A Hoof Abscess Vet Kit
Here’s the who, what, where, when and how, of what to keep on hand at all times, in case your horse ends up with a pesky hoof abscess.
Who will need this kit?
Well, you and the horse, of course. Basically if you own a horse and are responsible for his care you need to know how to do what I’m about to share with you.
What will you need?
The Sauce (Use Code PRP-82546 for a discount) or Spurrs Big Fix or Diluted Iodine.
A Clean Bucket or IV bag with the top cut off
1 gallon of Warm to Hot Water
A Gauze Hoof Pad or something similar
How you will start:
I like to soak the foot in 1 gallon of hot water, with roughly one cup of epsom salt, and one to two cups of The Sauce, Spurrs or Iodine. Soaking the foot in this mixture helps to draw out the infection. You can also add lavender or eucalyptus oil to the mixture. Both are anti-bacterial and help draw out soreness. If you’d rather use the IV bag, cut the top of it off, and put the mixture in the bag. Less water is needed this way which allows for more epsom salt and iodine to touch the foot. If you use the IV bag, you will use elasticon or vet wrap at the top of the bag to tape it on the foot as seen in the image below. Soak for 10-20 minutes.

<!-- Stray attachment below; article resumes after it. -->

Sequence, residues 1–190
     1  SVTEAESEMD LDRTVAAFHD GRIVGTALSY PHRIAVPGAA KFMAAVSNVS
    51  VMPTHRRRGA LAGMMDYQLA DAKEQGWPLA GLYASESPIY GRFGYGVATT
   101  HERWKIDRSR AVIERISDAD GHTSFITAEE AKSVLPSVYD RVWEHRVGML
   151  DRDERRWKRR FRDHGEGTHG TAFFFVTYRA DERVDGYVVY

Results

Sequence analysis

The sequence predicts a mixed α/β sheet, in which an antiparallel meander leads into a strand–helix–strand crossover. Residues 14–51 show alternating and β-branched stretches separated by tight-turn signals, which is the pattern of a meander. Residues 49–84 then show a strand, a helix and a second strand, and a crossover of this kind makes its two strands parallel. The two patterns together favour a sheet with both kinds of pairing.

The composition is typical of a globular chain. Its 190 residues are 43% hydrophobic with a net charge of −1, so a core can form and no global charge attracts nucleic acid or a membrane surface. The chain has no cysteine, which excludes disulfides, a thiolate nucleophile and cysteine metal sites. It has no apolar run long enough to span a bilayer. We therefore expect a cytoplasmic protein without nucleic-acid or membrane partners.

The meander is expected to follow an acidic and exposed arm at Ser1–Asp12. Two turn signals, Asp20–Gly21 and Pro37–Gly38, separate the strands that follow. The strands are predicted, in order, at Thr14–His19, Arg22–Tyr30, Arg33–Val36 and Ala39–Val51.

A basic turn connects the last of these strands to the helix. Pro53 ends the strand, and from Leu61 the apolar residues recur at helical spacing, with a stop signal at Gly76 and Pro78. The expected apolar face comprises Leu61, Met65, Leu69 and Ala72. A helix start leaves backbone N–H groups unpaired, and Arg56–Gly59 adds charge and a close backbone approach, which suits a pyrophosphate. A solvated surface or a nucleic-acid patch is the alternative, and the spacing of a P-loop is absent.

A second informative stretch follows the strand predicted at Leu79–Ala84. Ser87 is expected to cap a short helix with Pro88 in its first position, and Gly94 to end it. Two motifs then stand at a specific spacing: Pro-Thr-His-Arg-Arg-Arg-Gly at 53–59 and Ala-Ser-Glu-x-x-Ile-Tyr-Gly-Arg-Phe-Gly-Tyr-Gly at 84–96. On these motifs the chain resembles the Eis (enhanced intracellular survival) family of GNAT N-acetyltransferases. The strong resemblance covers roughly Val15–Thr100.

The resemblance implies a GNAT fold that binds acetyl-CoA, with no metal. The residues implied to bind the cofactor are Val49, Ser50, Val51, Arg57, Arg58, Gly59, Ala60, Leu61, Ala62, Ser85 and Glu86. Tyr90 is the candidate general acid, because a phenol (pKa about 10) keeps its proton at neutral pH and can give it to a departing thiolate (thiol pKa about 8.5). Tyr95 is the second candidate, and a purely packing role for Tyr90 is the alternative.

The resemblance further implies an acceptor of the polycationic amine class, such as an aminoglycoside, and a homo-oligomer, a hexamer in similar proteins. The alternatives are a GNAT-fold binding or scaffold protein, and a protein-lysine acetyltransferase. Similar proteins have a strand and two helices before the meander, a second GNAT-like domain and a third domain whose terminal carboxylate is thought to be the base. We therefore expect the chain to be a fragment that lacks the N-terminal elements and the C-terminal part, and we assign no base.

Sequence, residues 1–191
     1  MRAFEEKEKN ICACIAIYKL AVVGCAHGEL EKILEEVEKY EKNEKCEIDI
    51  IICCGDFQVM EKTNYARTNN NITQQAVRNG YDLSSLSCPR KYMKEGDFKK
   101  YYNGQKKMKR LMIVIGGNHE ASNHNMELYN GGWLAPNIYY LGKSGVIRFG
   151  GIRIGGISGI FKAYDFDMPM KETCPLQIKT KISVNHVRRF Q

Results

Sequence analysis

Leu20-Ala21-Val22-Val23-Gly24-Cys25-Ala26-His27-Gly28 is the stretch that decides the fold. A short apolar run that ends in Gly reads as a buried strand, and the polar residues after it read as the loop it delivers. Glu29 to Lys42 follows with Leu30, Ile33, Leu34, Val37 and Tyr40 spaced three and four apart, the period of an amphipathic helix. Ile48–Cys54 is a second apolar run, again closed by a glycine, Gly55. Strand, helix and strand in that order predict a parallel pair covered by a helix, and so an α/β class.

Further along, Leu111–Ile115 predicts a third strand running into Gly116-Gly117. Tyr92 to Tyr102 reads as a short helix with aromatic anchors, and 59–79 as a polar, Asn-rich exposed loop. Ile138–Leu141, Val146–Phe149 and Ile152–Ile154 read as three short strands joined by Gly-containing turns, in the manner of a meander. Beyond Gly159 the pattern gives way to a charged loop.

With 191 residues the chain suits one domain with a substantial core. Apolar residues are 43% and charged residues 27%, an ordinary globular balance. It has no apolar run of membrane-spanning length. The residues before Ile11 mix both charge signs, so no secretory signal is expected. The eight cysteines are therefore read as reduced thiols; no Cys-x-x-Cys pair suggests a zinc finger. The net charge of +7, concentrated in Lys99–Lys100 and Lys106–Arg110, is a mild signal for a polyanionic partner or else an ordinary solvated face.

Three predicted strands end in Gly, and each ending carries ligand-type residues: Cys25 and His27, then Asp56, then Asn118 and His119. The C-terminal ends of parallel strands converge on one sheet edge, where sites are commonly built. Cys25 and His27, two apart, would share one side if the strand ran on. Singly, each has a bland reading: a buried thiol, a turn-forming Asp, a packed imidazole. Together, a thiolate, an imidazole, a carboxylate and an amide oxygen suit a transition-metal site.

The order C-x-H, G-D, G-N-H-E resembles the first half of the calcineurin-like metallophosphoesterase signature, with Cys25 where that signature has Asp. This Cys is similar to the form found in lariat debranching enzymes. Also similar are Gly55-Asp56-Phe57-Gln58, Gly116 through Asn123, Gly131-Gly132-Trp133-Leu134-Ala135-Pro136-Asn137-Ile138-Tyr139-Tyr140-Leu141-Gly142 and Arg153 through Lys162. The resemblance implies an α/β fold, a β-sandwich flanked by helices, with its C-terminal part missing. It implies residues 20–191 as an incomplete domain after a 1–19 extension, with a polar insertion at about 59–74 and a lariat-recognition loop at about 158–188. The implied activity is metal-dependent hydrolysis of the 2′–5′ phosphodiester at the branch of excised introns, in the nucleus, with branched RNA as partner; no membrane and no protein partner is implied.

Once the foot is soaked and clean, it’s time to bandage it up.
Step 1. Mag Poultice on the bottom of the foot.
Step 2. Place a hoof pad or a cotton bandage under the foot.
Step 3. If I using the hoof pad, I then wrap the foot in gauze
Step 4. Wrap over all of the above with vet wrap and then secure with elasticon at the top.
Step 5. Cover the bottom of the hoof with duct tape or an easy boot if you have one.
The poultice should stay on for 24-36 hours for maximum efficacy. If the horse doesn’t regain soundness after that point in time, you’d want to soak it again, and repeat it, or call your farrier/vet to see if they can find it and open it up.
Go to cavvysavvy.tsln.com to see a video of the process.